To ask the Minister for Public Expenditure and Reform if all necessary financial assistance will be provided to Fingal County Council to tackle the alarming rate of coastal erosion that is occurring at The Burrow, Portrane, County Dublin; and if he will make a statement on the matter.
I am advised that Fingal County Council is leading on this issue, as it is a matter for local authorities in the first instance to assess and address problems of coastal erosion in their areas. Where necessary, Local Authorities may put forward proposals to relevant central Government Departments, including the OPW, for funding of appropriate measures depending on the infrastructure or assets under threat.
In 2018, in response to serious coastal erosion problems at The Burrow, Portrane, Fingal County Council implemented temporary interim emergency measures to protect properties at risk. Funding of €456,464 was approved under the OPW Minor Flood Mitigation Works and Coastal Protection Scheme for these works.
Consultants appointed by Fingal County Council are currently assessing options for a longer term permanent solution for the Portrane Peninsula. If a viable option is identified, Fingal County Council may submit a further application for funding to the OPW.
To ask the Minister for Public Expenditure and Reform the progress in the preparation of a national coastal erosion strategy and plan; and if he will make a statement on the matter.
Strategic policy responsibility for the coast, including coastal erosion, is a matter for the Department of Housing, Planning and Local Government. Local Authorities are responsible for the management of the coastline, including response to coastal erosion risk within their administrative areas.
To ask the Minister for Public Expenditure and Reform the timeframe for the review of the public spending code; and if he will make a statement on the matter.
The Public Spending Code is reviewed on an ongoing basis to ensure that it continues to reflect best practice in project appraisal and evaluation and to ensure value for money in the use of public funds.
In particular, there has been extensive and ongoing review in relation to capital projects over recent months. I anticipate that this major phase of review of the Public Spending Code will be completed before the summer.
To ask the Minister for Rural and Community Development the towns selected and the number of units in each town for the pilot scheme to encourage persons to return to living in town centres launched in October 2018.
Early last year, I established a Steering Group to examine the introduction of a pilot scheme to encourage people to return to living in town centres.
A lot of consideration was given by the Group to the best approach to developing a model which would deliver on the objective of increasing town centre living.
The Steering Group noted that some schemes which have specifically attempted to focus on the renovation of vacant properties have had a disappointing take-up. It is clear that if we are to successfully encourage people to return to living in town centres, an integrated solution involving all aspects of town living and supporting infrastructure needs to be considered.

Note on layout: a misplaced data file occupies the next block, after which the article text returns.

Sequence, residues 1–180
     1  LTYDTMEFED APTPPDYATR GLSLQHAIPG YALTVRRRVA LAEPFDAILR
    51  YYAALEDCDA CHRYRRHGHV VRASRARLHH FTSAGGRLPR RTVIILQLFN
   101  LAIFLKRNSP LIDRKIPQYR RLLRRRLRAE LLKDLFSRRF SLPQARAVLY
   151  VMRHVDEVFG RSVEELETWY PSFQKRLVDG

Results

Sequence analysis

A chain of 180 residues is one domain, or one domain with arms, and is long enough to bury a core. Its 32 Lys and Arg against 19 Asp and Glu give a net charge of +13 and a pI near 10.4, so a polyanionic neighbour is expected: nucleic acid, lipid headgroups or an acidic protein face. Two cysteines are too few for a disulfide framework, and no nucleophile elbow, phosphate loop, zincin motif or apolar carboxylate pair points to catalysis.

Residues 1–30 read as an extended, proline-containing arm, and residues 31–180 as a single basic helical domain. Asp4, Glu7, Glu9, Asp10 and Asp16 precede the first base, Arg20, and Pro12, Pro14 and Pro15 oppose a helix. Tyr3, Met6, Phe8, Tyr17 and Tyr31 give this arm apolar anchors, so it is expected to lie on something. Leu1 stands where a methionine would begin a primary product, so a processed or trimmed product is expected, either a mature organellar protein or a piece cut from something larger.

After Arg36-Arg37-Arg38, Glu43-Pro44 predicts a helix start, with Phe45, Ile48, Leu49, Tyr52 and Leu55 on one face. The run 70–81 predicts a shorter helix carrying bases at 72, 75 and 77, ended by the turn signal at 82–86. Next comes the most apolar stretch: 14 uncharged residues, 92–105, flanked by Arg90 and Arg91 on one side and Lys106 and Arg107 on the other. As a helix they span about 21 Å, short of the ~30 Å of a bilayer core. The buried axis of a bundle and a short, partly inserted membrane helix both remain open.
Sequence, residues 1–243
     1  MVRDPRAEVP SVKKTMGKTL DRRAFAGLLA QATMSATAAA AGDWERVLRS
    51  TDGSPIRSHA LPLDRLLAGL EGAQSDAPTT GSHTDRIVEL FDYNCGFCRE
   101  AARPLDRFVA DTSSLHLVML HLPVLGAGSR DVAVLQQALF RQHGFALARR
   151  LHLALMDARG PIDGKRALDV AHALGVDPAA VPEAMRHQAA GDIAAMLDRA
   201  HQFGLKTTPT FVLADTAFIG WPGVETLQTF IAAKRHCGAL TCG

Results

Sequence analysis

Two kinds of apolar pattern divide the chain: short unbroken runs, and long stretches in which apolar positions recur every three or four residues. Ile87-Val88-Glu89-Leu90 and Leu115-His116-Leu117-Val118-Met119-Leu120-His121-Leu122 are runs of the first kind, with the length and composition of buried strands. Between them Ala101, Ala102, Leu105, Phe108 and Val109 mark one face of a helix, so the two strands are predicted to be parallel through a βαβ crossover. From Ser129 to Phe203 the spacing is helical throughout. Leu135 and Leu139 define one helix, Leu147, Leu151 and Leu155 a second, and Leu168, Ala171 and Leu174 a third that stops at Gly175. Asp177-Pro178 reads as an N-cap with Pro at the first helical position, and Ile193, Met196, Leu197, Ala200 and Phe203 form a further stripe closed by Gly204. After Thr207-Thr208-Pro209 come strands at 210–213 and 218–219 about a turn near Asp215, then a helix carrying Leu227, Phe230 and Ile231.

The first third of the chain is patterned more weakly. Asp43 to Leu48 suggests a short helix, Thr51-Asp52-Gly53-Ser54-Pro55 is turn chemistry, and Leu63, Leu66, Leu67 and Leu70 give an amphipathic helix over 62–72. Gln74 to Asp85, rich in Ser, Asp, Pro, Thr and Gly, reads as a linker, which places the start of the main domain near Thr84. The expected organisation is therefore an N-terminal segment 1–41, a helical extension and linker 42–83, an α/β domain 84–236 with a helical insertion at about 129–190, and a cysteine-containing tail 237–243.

The Steering Group therefore agreed that a pilot scheme, which takes a holistic approach to town centre living, should be developed in a small number of towns initially, with a view to a wider roll-out over time. This approach goes beyond simply identifying specific property units, and will allow a number of Local Authorities to develop and test different models which they feel are appropriate to a number of selected towns of different sizes and in different locations.
The learnings from this approach will help to provide an indication as to what might work well for similar types of town on a wider scale.
Six rural towns were invited to participate in the initial pilot scheme which was launched in October 2018. These are:
My Department has made funding of up to €100,000 available to each participating Local Authority of which €75,000 has been paid to date. The funding will assist the Local Authorities to engage with their communities and local businesses, and arrive at practical solutions that can be delivered to achieve the objective of increasing the number of people living in our rural towns.
Representatives from each of the six Local Authorities involved in the pilot have had a number of meetings with my Department with a view to developing the detailed schemes. It is envisaged that the solutions identified through the six pilot towns could lead to the development of more substantive proposals for funding from the Rural Regeneration and Development Fund in due course.
To ask the Minister for Finance his plans to task Home Building Finance Ireland with an expanded remit to issues loans to owner management companies to cover remedial building costs; and if he will make a statement on the matter.
In the first instance I would like to acknowledge the stressful circumstances which the owners and residents of buildings face when defects occur in their homes.
HBFI was established late last year as a supply based measure to help address as shortage of new housing in the State. I have always been clear that HBFI was to be established on a commercial basis and that its activities would comply with State aid rules. Any funding provided by HBFI will be backed by appropriate security and normal banking terms and conditions will apply. Any deviation from this structure could give rise to State aid issues and may impact the expected balance sheet treatment of HBFI's activities.
While there is nothing contained in the Home Building Finance Ireland Act 2018 that excludes loans to owner management companies to cover remedial building costs, the Act requires that HBFI lend on commercial terms. The commerciality of funding such remediation is risky from two perspectives: